Gaps in the 100 days

EMR (good) but no electricity grid (bad).

Gratifying that President-elect Obama has gone for a quick start on a national system of electronic medical records. Actually as we pointed out, this could be risky; you don’t want to spend millions on incompatible systems. But there are things you could do while working out the common standards with all deliberate speed.

But we at the influential RBC also supported Candidate Obama’s plans for a national electricity grid (here and here). But sadly no mention of this equally fast-trackable plan in the speech. Why? There already is a designate Health Secretary lobbying for his stuff, but no Energy Secretary. Go to it!

Admittedly Obama has a severe problem in leading just now. As Barney Frank memorably quips:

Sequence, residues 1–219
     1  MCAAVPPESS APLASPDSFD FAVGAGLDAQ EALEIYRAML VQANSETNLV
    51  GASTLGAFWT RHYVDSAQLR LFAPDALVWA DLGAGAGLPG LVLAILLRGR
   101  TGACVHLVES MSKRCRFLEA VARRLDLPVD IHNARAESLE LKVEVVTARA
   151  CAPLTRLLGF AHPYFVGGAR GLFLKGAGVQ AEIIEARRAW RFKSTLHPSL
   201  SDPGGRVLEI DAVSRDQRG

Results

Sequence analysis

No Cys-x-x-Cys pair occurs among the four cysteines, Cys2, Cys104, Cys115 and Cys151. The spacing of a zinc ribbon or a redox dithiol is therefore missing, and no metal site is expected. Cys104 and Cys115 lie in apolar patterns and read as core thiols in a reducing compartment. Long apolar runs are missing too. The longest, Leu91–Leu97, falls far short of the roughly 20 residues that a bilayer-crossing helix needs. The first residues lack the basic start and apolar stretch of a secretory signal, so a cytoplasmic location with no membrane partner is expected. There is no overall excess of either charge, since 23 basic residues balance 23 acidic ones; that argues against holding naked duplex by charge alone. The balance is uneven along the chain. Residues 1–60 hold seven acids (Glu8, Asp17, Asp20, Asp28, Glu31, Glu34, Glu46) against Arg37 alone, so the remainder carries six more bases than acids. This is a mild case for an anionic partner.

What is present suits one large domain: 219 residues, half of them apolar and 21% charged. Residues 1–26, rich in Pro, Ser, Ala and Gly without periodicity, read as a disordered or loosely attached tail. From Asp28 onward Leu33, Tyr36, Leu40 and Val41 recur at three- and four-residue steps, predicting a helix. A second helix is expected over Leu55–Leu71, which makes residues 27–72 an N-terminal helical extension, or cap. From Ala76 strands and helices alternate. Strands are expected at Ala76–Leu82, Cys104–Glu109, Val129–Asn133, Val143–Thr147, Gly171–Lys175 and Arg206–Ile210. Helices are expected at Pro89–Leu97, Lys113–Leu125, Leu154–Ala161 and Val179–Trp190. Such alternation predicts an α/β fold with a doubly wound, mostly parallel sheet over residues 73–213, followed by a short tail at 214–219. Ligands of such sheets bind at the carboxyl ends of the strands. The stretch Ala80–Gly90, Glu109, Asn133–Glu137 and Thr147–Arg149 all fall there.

He [Obama] says we only have one president at a time. I’m afraid that overstates the number of presidents we have.

(h/t Josh Marshall)

Author: James Wimberley

James Wimberley (b. 1946, an Englishman raised in the Channel Islands. three adult children) is a former career international bureaucrat with the Council of Europe in Strasbourg. His main achievements there were the Lisbon Convention on recognition of qualifications and the Kosovo law on school education. He retired in 2006 to a little white house in Andalucia, His first wife Patricia Morris died in 2009 after a long illness. He remarried in 2011. to the former Brazilian TV actress Lu Mendonça. The cat overlords are now three. I suppose I've been invited to join real scholars on the list because my skills, acquired in a decade of technical assistance work in eastern Europe, include being able to ask faux-naïf questions like the exotic Persians and Chinese of eighteenth-century philosophical fiction. So I'm quite comfortable in the role of country-cousin blogger with a European perspective. The other specialised skill I learnt was making toasts with a moral in the course of drunken Caucasian banquets. I'm open to expenses-paid offers to retell Noah the great Armenian and Columbus, the orange, and university reform in Georgia. James Wimberley's occasional publications on the web